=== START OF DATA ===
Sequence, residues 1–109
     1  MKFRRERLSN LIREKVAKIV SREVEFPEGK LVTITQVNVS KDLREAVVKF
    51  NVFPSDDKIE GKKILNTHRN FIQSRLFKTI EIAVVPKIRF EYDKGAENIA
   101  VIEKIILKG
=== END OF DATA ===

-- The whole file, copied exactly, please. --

Sequence, residues 1–109
     1  MKFRRERLSN LIREKVAKIV SREVEFPEGK LVTITQVNVS KDLREAVVKF
    51  NVFPSDDKIE GKKILNTHRN FIQSRLFKTI EIAVVPKIRF EYDKGAENIA
   101  VIEKIILKG